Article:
If there was an award at the Oscars, Gothams or Spirits for best visionary art cinema of the year, "Climates" would be the clear front-runner. But, of course, there isn't. Directed by Turkish auteur Nuri Bilge Ceylan ("Distant"), "Climates" is the kind of movie that must be seen on the big screen to be fully appreciated. Gorgeously, immacutely constructed, the film is a quiet stunner, and for me, most likely the best movie of the year (if we're counting these days). I will be seeing it again this weekend to confirm my awe and appreciation.
As I wrote after its Cannes debut, where it won the critic's prize, "Turkey's Nuri Bilge Ceylan sharpens his vision like a knife with 'Climates,' a sparse exacting drama - stunningly photographed in crisp Hi-Def digital video - about the separation between a man (played by the director) and his wife (Ebru Ceylan, the director's real-life wife).
"Beginning in the blistering heat of the Turkish coastal town of Kas and ending in the cold snowy Turkish outskirts, the film chronicles the couples' drifting apart and their tentative reunion. In between, the man emerges as a misogynistic, selfish bastard, while the woman comes across as a hardened yet wounded victim. If the depiction seems simplistic, it also feels very true (and funny, in the same dark, physical way "Distant" drew laughs), with each perfectly mapped scene and quiet, tense exchange revealing the insurmountable battle of the sexes."
If you don't believe me, here are some other critics' praise:
"Exquisitely structured, pitiless study of a middle-aged man trapped in a stagnant emotional weather pattern" -- Entertainment Weekly's Lisa Schwartzbaum
"It has a vivid, sensual texture that's unmistakably Ceylan's. He's one of those rare directors who doesn't need a credit for identification" -- The Onion's Scott Tobias
"This film paints a haunting portrait of existential solitude, one in which the images speak louder and often more forcefully than do any of the words." -- The New York Times's Manohla Dargis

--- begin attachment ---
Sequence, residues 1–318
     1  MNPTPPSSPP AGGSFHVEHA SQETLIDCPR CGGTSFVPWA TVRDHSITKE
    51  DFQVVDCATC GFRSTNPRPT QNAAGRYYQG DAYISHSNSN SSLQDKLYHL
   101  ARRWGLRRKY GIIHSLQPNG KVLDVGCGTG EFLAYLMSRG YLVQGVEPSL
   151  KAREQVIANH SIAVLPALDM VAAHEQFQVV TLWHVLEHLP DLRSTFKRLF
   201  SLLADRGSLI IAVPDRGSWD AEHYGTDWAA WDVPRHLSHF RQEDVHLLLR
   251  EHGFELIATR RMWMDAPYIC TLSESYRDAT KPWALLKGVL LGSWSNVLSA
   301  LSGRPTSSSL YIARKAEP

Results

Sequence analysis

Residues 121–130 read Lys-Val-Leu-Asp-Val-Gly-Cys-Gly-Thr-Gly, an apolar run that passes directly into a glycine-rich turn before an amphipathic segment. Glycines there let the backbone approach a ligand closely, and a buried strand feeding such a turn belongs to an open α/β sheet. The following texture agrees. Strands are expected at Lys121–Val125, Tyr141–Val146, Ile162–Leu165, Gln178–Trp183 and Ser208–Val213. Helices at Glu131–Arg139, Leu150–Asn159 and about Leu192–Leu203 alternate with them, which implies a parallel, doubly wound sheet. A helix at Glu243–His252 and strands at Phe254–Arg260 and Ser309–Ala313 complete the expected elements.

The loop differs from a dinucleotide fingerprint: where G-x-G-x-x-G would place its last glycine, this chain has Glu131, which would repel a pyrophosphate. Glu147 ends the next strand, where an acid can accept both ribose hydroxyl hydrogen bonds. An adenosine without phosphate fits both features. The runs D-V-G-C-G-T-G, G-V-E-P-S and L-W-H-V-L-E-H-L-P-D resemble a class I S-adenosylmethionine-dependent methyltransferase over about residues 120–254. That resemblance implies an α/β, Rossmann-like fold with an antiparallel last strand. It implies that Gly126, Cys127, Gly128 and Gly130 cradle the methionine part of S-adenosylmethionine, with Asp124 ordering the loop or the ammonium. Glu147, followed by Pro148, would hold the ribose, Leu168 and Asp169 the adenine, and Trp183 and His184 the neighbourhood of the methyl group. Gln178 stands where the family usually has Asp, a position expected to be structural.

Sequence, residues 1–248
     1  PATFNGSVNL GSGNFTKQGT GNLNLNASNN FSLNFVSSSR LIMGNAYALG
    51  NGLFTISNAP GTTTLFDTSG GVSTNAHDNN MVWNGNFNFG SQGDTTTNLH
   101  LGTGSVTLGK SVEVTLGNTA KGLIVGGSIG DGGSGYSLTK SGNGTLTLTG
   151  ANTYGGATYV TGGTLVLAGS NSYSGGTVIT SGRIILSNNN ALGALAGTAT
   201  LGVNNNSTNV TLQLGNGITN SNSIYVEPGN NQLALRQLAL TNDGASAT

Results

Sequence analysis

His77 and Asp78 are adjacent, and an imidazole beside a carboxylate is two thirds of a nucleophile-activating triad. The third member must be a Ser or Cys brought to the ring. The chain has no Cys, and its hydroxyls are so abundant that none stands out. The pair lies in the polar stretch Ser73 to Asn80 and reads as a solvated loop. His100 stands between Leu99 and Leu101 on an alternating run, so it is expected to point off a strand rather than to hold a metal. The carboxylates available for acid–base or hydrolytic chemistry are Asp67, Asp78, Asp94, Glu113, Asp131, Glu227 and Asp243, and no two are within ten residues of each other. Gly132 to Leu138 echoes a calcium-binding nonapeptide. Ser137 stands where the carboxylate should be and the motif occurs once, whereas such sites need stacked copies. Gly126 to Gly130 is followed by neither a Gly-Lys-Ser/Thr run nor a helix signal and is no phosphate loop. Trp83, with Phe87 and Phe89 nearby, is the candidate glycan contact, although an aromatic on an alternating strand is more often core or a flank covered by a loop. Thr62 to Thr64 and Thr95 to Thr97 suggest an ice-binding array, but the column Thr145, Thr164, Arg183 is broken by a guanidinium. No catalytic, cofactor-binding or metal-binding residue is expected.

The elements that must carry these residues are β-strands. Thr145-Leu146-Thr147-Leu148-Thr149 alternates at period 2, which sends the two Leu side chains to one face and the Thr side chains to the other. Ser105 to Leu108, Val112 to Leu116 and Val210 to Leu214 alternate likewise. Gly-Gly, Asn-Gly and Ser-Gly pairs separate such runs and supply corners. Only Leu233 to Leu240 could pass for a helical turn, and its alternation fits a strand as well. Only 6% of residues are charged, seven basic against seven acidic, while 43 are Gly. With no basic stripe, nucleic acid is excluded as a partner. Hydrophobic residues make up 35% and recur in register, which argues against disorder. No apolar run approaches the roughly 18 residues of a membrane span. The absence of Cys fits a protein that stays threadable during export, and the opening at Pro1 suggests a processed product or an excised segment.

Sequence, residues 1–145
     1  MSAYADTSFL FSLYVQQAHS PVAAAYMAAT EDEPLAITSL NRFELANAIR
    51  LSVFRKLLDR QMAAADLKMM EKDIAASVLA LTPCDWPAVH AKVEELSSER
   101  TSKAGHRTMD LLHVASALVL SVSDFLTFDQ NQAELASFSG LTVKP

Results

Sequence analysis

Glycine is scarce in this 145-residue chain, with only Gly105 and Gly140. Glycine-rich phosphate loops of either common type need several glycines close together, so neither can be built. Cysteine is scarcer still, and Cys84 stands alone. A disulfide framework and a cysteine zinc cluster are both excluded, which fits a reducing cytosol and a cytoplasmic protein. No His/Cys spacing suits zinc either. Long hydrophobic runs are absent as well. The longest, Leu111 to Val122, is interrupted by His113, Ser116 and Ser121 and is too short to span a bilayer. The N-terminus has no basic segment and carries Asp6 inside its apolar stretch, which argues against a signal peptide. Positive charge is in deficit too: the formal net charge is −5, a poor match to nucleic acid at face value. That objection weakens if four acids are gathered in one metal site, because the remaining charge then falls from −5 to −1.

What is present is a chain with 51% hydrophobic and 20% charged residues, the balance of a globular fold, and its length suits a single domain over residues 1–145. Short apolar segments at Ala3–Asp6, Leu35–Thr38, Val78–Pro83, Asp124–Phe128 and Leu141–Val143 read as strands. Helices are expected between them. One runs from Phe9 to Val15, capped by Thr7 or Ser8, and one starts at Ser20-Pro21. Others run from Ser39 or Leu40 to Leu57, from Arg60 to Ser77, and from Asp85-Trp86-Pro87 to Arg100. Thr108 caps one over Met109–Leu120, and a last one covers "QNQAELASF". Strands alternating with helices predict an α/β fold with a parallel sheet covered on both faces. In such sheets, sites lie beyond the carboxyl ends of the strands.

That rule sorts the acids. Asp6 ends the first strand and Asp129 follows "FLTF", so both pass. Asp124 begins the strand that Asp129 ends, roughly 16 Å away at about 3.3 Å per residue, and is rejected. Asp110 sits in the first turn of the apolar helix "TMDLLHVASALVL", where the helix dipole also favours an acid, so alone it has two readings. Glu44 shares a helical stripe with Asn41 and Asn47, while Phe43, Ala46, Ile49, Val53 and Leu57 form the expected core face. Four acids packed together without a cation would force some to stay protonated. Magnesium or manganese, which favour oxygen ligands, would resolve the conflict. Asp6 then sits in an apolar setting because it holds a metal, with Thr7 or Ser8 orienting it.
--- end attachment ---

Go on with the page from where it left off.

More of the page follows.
"A terrific movie in the Antonioni tradition, Climates confirms 47-year-old Turkish director Nuri Bilge Ceylan as one of the world's most accomplished filmmakers--handling the end of a relationship and the cloud of human confusion rising from its wreckage as if the subject had never before been attempted." -- Village Voice's J. Hoberman
"A meticulous study of a crumbling relationship, marked by many luminous small moments and a startling interruption of violent eroticism." -- Salon.com's Andrew O'Hehir
"Climates puts Ceylan on a par with Ingmar Bergman.”- Screen's Jonathan Romney, Screen Daily
“Subtle, substantial and sublimely beautiful...Ceylan has lost none of his willingness to probe both the less attractive aspects of everyday human behaviour and the cruel ironies of life, so that the film feels almost painfully honest. That said, he does so with such wit, intelligence and exquisite artistry--if the Festival comes up with more visually stunning film than this, I'll be very surprised--that the film confirms him as one of the most exciting cinematic talents to emerge in recent years.” - Time Out London's Geoff Andrew
Self-censorship, Iranian cinema and Asghar Farhadi's "The Past" | ReelPolitik http://t.co/8at5HbbYCKPosted 12 hours ago
The 1CCU PR Press Daily is out! http://t.co/EpEqPeEGi9 ▸ Top stories today via @E_TV_PR @antkaufmanPosted 14 hours ago
Why did PBS allow Koch "to offer a critique of a film he hadn’t even seen? Money." - Alex Gibney http://t.co/OuwQKo3KTFPosted 14 hours ago
"Since you're white it's not an issue for you" -- Debating the Class/Racial Politics of "Frances Ha" -- see comments http://t.co/U1D1Had0XyPosted 15 hours ago